Low Dinsdale Manor House

Has been described as a Certain Fortified Manor House

There are cropmark/slight earthwork remains

NameLow Dinsdale Manor House
Alternative Names
Historic CountryDurham
Modern AuthorityDarlington
1974 AuthorityCounty Durham
Civil ParishLow Dinsdale

The moated site at the Manor House is of unusual form with the existence of the outer enclosure and related earthworks, all of which survive in an excellent state of preservation. The circular form of the inner moat suggests a very early date of construction. This form of moat is also rare north of the Humber estuary. This monument, together with other medieval sites of similar and different form which survive in the region, will greatly contribute to our understanding of medieval rural life and economy in Durham. The monument includes a medieval manorial site and related earthworks situated within a double moated enclosure on flat land which rises gently to the west and slopes down to the River Tees on the north. The inner enclosure is roughly circular in shape and is defined by a prominent ditch 15m across and 1m deep. It encloses a flat island which measures 50m east-west by 40m north-south. An entrance way, via a Listed Grade II late medieval bridge on the south-east side of the moat, may represent the position of an original causeway or drawbridge giving access to the island. The site of the medieval manor house is located at the southern end of the island. Although encased and extended, the medieval core of the main block survives in the fabric of the present house, a Listed Grade II-star building. Excavations in the late 19th century uncovered the foundations and lower vaulted storey of a gatehouse to the south-east of the present house. The outer enclosure, an irregular polygon in shape, is formed by a second ditch, shallow on the east side but varying between 1.2m and 2.5m deep on the west and north sides and measuring 8m across. Immediately inside this ditch is a prominent bank measuring 7m across and surviving in places to a height of 1.5m. An original entrance is visible in the south-east which survives as a deep hollowed path breaching the bank and ditch of the outer enclosure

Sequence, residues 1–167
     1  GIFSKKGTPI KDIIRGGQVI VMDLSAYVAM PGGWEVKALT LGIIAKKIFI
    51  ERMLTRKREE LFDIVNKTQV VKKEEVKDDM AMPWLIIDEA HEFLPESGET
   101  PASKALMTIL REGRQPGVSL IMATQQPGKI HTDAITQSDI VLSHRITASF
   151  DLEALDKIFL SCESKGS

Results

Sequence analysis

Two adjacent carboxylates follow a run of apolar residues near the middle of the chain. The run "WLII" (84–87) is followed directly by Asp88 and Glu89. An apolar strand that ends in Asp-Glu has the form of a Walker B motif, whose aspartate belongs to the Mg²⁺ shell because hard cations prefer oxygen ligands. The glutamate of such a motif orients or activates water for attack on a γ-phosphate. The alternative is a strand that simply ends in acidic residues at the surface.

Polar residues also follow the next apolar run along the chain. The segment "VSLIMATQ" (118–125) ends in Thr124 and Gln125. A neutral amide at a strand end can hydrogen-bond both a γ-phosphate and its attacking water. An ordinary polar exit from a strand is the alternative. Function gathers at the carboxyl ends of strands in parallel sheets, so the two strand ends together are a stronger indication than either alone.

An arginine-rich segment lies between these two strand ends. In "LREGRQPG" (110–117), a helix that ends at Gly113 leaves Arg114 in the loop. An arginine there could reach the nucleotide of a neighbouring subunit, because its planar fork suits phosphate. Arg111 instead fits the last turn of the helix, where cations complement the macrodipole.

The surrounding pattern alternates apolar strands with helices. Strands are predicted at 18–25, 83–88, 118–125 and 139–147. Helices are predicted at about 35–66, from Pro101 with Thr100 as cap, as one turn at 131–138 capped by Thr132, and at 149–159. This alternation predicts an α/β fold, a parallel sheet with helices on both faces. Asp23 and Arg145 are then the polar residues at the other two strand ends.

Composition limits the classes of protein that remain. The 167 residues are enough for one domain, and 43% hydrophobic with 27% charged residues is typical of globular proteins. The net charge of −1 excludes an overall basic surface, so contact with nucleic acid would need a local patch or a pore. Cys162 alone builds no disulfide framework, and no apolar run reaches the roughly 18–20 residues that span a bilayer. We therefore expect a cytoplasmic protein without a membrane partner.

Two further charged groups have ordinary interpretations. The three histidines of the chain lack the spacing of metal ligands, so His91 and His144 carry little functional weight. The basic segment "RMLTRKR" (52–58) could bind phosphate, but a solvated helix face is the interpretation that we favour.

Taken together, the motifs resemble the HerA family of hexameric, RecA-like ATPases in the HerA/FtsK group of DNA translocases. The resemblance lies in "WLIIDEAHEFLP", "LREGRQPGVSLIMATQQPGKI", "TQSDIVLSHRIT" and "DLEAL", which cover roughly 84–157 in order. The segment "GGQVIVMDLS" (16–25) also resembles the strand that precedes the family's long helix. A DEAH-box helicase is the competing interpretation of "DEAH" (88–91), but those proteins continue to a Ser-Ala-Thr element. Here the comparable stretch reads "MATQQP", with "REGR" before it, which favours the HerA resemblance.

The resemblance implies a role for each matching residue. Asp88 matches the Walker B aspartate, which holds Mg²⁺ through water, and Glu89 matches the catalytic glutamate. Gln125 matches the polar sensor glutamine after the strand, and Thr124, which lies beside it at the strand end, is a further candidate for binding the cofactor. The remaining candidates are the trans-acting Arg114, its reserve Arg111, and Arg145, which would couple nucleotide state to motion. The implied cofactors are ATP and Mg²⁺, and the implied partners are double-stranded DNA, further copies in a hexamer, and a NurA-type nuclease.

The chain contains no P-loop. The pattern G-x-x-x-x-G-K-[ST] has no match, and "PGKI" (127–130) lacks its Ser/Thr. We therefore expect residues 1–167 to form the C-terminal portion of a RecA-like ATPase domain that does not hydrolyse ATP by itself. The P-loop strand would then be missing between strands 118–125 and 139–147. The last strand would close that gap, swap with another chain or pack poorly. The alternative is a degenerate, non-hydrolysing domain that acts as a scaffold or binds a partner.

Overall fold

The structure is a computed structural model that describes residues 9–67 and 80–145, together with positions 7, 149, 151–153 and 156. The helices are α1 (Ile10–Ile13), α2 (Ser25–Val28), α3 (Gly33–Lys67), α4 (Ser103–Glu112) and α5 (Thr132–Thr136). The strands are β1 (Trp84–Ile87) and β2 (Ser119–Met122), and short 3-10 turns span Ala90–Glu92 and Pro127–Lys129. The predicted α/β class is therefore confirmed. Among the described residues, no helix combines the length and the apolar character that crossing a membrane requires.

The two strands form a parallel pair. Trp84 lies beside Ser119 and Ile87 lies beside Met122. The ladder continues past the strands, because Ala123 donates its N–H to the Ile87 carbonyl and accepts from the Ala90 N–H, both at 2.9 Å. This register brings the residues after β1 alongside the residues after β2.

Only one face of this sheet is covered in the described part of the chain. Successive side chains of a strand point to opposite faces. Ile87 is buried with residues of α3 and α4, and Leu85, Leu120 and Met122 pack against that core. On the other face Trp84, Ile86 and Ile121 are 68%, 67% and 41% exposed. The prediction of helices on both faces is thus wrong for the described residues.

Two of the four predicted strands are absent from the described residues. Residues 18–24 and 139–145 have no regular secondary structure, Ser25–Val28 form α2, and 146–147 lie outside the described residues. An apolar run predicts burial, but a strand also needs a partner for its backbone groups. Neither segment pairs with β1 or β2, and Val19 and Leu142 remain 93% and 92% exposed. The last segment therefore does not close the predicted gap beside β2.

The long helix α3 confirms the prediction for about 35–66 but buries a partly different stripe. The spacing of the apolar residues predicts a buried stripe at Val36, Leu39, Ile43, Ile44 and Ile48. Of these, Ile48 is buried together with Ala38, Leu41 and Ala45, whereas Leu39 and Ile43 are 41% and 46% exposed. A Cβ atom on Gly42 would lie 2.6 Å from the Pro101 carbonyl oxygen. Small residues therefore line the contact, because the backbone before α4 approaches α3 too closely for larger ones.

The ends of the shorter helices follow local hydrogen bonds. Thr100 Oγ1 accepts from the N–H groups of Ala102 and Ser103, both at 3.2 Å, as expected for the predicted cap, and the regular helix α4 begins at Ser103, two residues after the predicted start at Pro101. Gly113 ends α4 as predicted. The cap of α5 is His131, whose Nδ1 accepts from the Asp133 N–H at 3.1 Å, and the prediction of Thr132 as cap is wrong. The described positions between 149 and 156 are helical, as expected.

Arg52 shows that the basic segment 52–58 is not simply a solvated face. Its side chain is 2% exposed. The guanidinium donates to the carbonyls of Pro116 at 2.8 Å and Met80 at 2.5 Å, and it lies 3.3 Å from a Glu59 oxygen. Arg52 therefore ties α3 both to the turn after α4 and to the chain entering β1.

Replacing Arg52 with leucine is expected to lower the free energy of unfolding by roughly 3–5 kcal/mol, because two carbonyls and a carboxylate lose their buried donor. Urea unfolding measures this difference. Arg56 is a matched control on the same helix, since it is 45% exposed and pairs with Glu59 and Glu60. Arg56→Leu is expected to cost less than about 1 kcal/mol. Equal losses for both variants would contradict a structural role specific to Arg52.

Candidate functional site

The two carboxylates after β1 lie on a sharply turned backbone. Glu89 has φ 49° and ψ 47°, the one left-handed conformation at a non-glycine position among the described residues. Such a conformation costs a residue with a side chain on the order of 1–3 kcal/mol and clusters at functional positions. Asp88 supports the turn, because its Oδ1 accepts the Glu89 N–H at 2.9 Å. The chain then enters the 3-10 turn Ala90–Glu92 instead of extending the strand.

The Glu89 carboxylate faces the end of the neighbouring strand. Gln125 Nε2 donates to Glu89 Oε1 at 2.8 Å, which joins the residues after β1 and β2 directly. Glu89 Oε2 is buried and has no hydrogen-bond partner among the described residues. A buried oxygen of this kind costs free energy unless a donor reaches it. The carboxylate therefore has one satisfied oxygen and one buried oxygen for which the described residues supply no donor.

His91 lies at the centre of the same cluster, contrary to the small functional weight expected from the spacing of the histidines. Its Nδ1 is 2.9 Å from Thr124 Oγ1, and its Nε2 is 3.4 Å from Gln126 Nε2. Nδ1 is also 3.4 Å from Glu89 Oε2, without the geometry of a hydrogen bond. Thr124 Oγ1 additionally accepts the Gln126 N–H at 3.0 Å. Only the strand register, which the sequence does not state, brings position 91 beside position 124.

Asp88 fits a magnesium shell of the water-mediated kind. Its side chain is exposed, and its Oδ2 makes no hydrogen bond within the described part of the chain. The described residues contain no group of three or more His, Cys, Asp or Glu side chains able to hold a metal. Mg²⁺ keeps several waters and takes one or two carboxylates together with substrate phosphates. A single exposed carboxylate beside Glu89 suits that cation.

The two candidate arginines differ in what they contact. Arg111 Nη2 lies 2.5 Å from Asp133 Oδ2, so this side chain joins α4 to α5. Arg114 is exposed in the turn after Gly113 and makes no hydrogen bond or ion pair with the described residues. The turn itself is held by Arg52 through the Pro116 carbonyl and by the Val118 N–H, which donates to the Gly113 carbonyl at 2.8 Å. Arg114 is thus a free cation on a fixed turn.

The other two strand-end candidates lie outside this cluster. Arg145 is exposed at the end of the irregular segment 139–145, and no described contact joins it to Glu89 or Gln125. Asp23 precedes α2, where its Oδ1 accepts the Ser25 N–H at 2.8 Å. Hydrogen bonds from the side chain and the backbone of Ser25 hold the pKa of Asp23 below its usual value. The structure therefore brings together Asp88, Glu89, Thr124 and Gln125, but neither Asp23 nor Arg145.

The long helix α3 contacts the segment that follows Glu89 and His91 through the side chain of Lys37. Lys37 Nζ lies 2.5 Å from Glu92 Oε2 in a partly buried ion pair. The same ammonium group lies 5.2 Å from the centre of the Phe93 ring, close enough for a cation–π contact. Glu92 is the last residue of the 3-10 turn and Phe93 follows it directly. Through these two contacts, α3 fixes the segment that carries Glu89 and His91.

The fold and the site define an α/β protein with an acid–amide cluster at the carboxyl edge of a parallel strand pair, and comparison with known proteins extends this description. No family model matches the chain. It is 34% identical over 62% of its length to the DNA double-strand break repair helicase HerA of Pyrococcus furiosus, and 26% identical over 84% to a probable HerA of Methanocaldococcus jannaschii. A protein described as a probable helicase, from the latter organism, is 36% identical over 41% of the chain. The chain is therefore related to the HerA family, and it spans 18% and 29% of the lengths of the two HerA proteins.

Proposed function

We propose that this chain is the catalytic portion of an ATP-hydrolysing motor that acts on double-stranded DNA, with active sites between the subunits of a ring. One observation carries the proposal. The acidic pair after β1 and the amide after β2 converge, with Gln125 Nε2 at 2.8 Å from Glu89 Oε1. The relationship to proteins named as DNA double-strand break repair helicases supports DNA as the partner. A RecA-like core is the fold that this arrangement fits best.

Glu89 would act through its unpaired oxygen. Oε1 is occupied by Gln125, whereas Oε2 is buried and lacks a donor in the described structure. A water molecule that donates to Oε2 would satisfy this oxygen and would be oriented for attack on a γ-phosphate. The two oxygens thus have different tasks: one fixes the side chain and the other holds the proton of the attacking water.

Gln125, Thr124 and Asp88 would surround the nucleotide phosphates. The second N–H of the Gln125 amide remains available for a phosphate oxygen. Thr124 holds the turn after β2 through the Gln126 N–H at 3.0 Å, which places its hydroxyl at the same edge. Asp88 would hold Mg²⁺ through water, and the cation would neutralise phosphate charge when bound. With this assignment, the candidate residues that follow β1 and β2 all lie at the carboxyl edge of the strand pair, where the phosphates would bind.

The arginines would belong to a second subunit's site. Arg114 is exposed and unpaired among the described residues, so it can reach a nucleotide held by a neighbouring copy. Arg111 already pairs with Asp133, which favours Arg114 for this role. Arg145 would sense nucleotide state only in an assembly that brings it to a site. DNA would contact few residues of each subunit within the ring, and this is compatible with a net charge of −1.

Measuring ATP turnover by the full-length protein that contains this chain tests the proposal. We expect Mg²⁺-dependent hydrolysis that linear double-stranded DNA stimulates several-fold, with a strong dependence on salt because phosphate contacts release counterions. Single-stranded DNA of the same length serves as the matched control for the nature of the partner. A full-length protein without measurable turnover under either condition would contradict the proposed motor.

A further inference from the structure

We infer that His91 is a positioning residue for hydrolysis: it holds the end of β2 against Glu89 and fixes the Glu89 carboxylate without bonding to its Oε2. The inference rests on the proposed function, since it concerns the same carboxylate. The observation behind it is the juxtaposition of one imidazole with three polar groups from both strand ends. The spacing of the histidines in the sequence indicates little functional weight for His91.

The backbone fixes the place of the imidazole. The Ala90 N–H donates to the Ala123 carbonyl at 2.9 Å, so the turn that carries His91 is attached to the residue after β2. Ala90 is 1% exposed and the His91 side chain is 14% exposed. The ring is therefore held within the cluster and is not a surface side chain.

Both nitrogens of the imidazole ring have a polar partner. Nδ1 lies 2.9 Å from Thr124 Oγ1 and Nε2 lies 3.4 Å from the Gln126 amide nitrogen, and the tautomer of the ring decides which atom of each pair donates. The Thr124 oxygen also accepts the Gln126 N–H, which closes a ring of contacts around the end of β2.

In total, the area enclosed by the outer ditch and bank measures a maximum of 225m east-west by 240m north-south. The area between the outer and inner enclosures is occupied by numerous earthworks, remains of banks, ditches and hollow tracks, some of which appear to be earlier than the moated site as they are truncated by it. Several others are, however, contemporary with, or later than, the moated site and have the appearance of enclosures for holding stock or other agricultural purposes. Immediately north of the inner moat are the remains of an ornamental fishpond, the present form of which is the result of Victorian and later alterations but which may have had a medieval precursor. A large square bowling or croquet green immediately south of the inner moat, which survives as an earthwork feature, is also of relatively recent date. The moated site was the manorial seat of the Surtees family from the 12th century until the 19th century. (Scheduling Report)

In the last decade of the 19th century excavations were made near to the building, 'when the foundations and lower story of a large gate-house, a little to the north-east of the house, were uncovered. In it was a square newel stairway and chambers which had been vaulted. The whole was shortly after covered up again as the excavations were inconveniently near the house. No plans were made.' (VCH ref. Proc. Soc. Antiq. Newcastle, ix, 61)

This site is a scheduled monument protected by law

This is a Grade 2* listed building protected by law

Historic England Scheduled Monument Number
Historic England Listed Building number(s)
Images Of England
Historic England (PastScape) Defra or Monument number(s)
County Historic Environment Record
OS Map Grid ReferenceNZ346110
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  • Salter, Mike, 2002, The Castles and Tower Houses of County Durham (Malvern: Folly Publications) p. 40
  • Vyner, B.E. (ed), 1990, 'Low Dinsdale, earthworks of the manorial establishment' Medieval Rural Settlement in North-East England (Architectural and Archaeological Society of Durham and Northumberland Reserch Report 2)
  • King, D.J.C., 1983, Castellarium Anglicanum (London: Kraus) Vol. 1 p. 140
  • Pevsner, Nikolaus; revised by Elizabeth Williamson, 1983, Buildings of England: Durham (Harmondsworth) p. 356
  • Beresford, Maurice and Hurst, John G., 1971, Deserted medieval villages: studies
  • Page, Wm (ed), 1928, VCH Durham Vol. 3 (London) p. 217- online transcription
  • Gould, Chalkley, 1905, 'Ancient Earthworks' in Page, Wm (ed), VCH Durham Vol. 1 (London) p. 357-8 online copy


  • 1899, Proceedings of the Society of Antiquaries of Newcastle-upon-Tyne (ser2) Vol. 9 p. 61 online copy
  • 1890, Transaction of the Architectural and Archaeological Society of Durham and Northumberland Vol. 4 p. xxii


  • English Heritage, 2011, Heritage at Risk Register 2011 North East (London: English Heritage) p. 50 online copy
  • English Heritage, 2010, Heritage at Risk Register 2010 North East (London: English Heritage) p. 49 online copy